Italy culture cuts are ‘disturbing’: association

Culture budgets in Italy have been drastically cut back in recent years, with spending on upkeep of monuments falling by more than half since 2008, a damning report said on Monday.

Italy culture cuts are 'disturbing': association
Italy will spend less on its priceless heritage over the next two years. Photo: Aaron Logan/Wikicommons

The Federculture association's report said the cash-strapped city of Rome had reduced spending on culture to 2.23 percent of its budget in 2012 from 4.33 percent in 2002 and would cut transfers further by up to 50 percent this year.

The national state budget for the culture ministry was also being reduced to €1.4 billion a year for 2014-2016 from €1.5 billion in 2013.

Spending on upkeep of Italy's priceless cultural heritage has meanwhile dropped to 75 million euros for 2013, compared to 165 million euros in 2008, it said.

"The situation is disturbing," Roberto Grossi, the head of Federculture, which groups public and private culture workers, told the Il Messaggero daily.

"If we turn off the lights on culture, cities are emptied of tourists, they become poorer," he said.

Grossi said the legal measures to allow private sponsorship of cultural treasures were not working properly and in any case private donations have fallen sharply during Italy's longest post-war recession.

Sponsorships have dropped by 38 percent since 2008 and donations from bank foundations – once a huge source of revenue – have fallen by 40 percent.

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Why Friday the 13th isn’t an unlucky date in Italy

Unlucky for some, but not for Italians. Here's why today's date isn't a cause for concern in Italy - but Friday the 17th is.

Why Friday the 13th isn't an unlucky date in Italy

When Friday the 13th rolls around, many of us from English-speaking countries might reconsider any risky plans. And it’s not exactly a popular date for weddings in much of the western world.

But if you’re in Italy, you don’t need to worry about it.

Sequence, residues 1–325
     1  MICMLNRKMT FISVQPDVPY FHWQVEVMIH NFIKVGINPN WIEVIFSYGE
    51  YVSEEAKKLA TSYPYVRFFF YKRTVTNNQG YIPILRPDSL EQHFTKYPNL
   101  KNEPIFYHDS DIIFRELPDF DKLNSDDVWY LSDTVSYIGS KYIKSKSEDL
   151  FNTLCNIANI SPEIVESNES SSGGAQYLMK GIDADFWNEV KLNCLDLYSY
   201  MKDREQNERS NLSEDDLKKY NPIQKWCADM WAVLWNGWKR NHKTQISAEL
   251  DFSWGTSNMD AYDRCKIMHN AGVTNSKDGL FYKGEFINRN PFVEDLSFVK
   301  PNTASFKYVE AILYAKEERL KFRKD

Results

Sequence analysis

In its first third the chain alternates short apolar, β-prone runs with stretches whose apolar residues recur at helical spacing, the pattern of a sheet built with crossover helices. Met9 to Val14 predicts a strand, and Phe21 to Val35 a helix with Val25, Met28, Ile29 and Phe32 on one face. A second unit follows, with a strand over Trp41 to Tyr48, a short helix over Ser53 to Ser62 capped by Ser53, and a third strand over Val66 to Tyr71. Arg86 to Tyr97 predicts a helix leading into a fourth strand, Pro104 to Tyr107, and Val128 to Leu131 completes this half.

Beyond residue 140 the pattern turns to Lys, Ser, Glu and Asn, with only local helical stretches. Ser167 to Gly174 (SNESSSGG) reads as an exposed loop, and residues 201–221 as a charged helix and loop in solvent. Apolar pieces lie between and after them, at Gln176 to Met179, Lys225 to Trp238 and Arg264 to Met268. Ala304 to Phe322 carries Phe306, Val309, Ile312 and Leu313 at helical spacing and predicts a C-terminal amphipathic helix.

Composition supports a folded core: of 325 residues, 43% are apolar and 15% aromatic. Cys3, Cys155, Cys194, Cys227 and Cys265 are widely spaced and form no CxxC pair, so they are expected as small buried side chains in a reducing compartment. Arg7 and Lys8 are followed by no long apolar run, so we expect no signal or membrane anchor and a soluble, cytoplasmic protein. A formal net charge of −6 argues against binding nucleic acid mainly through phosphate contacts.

There’s no shortage of strongly-held superstitions in Italian culture, particularly in the south. But the idea of Friday the 13th being an inauspicious date is not among them.

Though the ‘unlucky 13’ concept is not unknown in Italy – likely thanks to the influence of American film and TV – here the number is in fact usually seen as good luck, if anything.

The number 17, however, is viewed with suspicion and Friday the 17th instead is seen as the unlucky date to beware of.

Just as some Western airlines avoid including the 13th row on planes, you might find number 17 omitted on Italian planes, street numbering, hotel floors, and so on – so even if you’re not the superstitious type, it’s handy to be aware of.

The reason for this is thought to be because in Roman numerals the number 17 (XVII) is an anagram of the Latin word VIXI, meaning ‘I have lived’: the use of the past tense apparently suggests death, and therefore bad luck. It’s less clear what’s so inauspicious about Friday.

So don’t be surprised if, next time Friday 17th rolls around, you notice some Italian shops and offices closed per scaramanzia’.

But why then does 13 often have a positive connotation in Italy instead?

You may not be too surprised to learn that it’s because of football.

Ever heard of Totocalcio? It’s a football pools betting system in which players long tried to predict the results of 13 different matches.

There were triumphant calls of ho fatto tredici! – ‘I’ve done thirteen’ – among those who got them all right. The popular expression soon became used in other contexts to mean ‘I hit the jackpot’ or ‘that was a stroke of luck!’

From 2004, the number of games included in Totocalcio rose to 14, but you may still hear winners shout ‘ho fatto tredici’ regardless.

Other common Italian superstitions include touching iron (not wood) for good luck, not toasting with water, and never pouring wine with your left hand.